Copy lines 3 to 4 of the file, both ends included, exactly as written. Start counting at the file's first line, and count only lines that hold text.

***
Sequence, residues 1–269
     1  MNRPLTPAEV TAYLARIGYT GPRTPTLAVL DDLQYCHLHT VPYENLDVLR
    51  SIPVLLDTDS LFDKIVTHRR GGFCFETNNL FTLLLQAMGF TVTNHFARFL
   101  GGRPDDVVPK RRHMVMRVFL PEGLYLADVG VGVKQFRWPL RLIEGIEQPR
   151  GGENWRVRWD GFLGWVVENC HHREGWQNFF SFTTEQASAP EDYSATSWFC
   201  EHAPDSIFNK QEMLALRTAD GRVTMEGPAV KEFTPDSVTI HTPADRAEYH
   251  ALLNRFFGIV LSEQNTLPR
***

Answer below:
    51  SIPVLLDTDS LFDKIVTHRR GGFCFETNNL FTLLLQAMGF TVTNHFARFL
   101  GGRPDDVVPK RRHMVMRVFL PEGLYLADVG VGVKQFRWPL RLIEGIEQPR